Check out our full roster of freerolls, or head over to partypoker to play in their hourly Round the Clock Freerolls. Prize pools range from $50 to $200 and the free tournaments run all day long.
Bluff – But Not Too Often
If you’ve ever watched poker highlights on YouTube, you might think that players are bluffing all the time. Everyone loves seeing bluffs, but avoid trying to run over your opponents too often.
The keyword there is “too often”, meaning you should still bluff a little. If you never bluff, you’ll never get any value when you make a strong hand. Who wants to call a player who never bluffs?
A good bluff needs to do 2 main things:
1. Tell a convincing story.
Unless you get lucky, carelessly betting to get your opponents to fold is not going to be effective. Your bets tell a story, so think about what you are trying to tell your opponent. It’s not enough to show some random aggression.
2. Your bluff should target the hands your opponent could have.
You aim to get your opponent to fold, so you need to think about which hands they will fold. Are you trying to get a middle pair to fold or a flush draw? Which bet size will get that to happen? Targeting specific hands means considering your opponents' hands and acting accordingly.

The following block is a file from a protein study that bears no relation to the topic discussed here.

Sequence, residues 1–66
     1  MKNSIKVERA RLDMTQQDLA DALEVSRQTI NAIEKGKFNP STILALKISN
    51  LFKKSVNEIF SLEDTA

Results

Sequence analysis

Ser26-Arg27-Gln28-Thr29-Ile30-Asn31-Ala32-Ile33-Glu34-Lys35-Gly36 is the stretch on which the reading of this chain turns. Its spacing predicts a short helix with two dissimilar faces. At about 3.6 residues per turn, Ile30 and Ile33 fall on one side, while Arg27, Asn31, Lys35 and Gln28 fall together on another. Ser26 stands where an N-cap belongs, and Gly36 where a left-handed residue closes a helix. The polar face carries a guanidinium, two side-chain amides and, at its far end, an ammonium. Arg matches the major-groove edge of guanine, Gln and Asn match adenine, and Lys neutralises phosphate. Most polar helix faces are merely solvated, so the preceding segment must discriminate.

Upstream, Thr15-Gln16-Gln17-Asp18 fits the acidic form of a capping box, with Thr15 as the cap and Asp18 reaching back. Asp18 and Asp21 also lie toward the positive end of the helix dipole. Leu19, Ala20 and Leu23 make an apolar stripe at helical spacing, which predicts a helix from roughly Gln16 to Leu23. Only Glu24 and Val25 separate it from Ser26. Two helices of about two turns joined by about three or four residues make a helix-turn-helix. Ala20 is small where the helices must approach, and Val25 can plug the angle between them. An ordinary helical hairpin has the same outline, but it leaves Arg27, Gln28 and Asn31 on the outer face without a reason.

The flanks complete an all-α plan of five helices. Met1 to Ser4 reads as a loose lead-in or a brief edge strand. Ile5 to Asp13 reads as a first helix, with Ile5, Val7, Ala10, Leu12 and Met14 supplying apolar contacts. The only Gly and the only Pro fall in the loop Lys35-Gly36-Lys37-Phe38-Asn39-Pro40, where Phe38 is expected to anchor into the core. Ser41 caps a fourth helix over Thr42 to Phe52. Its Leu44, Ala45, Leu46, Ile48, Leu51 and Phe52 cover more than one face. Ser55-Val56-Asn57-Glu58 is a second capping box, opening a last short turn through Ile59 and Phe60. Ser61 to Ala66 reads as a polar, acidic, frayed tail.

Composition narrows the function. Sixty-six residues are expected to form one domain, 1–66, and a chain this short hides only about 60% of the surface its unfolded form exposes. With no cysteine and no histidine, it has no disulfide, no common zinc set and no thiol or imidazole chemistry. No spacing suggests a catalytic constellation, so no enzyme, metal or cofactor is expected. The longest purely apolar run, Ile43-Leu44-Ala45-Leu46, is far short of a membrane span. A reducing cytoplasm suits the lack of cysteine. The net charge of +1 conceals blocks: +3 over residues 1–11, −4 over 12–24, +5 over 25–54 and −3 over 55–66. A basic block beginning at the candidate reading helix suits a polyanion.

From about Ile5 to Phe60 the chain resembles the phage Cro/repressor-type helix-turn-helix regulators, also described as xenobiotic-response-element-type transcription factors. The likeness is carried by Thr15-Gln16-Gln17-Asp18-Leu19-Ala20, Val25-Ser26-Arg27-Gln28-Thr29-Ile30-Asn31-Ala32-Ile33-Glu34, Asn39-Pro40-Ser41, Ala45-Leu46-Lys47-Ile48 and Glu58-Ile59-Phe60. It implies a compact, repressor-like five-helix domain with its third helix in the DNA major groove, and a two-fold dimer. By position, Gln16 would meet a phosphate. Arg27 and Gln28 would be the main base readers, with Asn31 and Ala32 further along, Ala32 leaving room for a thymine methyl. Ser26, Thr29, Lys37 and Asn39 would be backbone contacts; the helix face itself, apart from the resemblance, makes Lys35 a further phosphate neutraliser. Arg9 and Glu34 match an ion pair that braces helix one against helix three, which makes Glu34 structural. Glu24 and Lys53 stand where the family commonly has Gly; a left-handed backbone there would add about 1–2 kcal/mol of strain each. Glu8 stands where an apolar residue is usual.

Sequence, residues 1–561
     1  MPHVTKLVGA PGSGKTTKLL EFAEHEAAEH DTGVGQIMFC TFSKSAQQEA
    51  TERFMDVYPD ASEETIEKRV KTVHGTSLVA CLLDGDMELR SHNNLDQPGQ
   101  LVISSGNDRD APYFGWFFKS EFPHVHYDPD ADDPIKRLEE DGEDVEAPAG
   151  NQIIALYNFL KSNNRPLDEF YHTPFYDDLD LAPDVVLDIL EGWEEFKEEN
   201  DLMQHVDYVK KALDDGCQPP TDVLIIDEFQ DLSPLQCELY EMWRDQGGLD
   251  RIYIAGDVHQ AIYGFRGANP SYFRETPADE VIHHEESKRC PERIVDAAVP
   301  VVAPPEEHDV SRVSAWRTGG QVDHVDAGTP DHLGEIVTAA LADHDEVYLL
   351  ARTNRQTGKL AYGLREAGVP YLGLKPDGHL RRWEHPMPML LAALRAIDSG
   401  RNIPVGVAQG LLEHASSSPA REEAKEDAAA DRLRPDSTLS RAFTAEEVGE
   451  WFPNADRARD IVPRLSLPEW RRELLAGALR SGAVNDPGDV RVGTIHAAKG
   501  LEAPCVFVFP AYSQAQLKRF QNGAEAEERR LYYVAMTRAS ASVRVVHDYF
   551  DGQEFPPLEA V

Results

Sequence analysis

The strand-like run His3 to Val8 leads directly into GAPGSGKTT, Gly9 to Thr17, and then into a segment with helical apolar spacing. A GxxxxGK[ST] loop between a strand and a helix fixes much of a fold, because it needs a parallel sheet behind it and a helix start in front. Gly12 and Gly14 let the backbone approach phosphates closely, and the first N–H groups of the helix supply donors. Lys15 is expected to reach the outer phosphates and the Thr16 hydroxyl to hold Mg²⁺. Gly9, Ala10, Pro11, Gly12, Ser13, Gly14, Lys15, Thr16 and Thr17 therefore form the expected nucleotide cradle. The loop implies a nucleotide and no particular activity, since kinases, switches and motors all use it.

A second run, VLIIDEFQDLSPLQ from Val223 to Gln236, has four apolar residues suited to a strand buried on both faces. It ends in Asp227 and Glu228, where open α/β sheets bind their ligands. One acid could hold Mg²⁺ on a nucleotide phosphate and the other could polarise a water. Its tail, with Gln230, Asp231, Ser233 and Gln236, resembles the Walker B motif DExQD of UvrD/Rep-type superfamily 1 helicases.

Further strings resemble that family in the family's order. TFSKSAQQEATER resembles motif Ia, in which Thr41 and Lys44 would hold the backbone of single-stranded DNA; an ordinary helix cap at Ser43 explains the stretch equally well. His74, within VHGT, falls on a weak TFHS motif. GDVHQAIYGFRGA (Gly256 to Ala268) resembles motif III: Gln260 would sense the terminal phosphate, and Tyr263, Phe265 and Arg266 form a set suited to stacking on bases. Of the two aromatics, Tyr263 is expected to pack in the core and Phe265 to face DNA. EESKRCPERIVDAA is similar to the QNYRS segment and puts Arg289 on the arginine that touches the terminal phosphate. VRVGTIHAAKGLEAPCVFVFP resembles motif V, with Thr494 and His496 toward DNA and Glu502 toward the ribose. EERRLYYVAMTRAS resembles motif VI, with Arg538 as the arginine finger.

Get Some Bluffing Practice Here
If you need to build experience with bluffing, it’s got to be on a real money poker site. Free poker doesn’t help you improve your bluffs because your opponents will always call since nothing is at stake.
Head to a busy poker site with a healthy amount of recreational players. Start at micro or low stakes, somewhere around $0.01/$0.02 or $0.05/$0.10. Play ABC poker, but work the occasional bluff into your strategy as we talked about in this section. Target a hand and tell a convincing story.
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Go For Value (Trap Less)
Playing a solid ABC poker strategy means that you have to get value from your strong hands. Avoid laying traps for your opponents too often – keep that move for special occasions.
When you have a good hand and you want to get value, don’t just start betting randomly. You should try to think about which hands will call your bet.
Your goal is to get as much value as you can while keeping your opponent in the hand.
If you are trapping and waiting for other players to bet, you risk two things happening. Number one, they might check as well and see a “free card”. Perhaps you could have made them pay a bet to see the next card, so there’s value lost there. Secondly, this free card could make your hand weaker or make you lose altogether.
Understand Basic Poker Odds/Probabilities
In every poker game, there’s a point where you have to decide to follow a draw or fold your hand. With a good understanding of probability in poker, you can make the correct decision. The meaning of probability, in this case, is the chance of you winning the hand.
Online poker sites will always display your probability if you go all-in with another player, but it’s good to know the chances ahead of time.
We have a free probability calculator so you can check how your cards will fare against one opponent, or up to 9 opponents.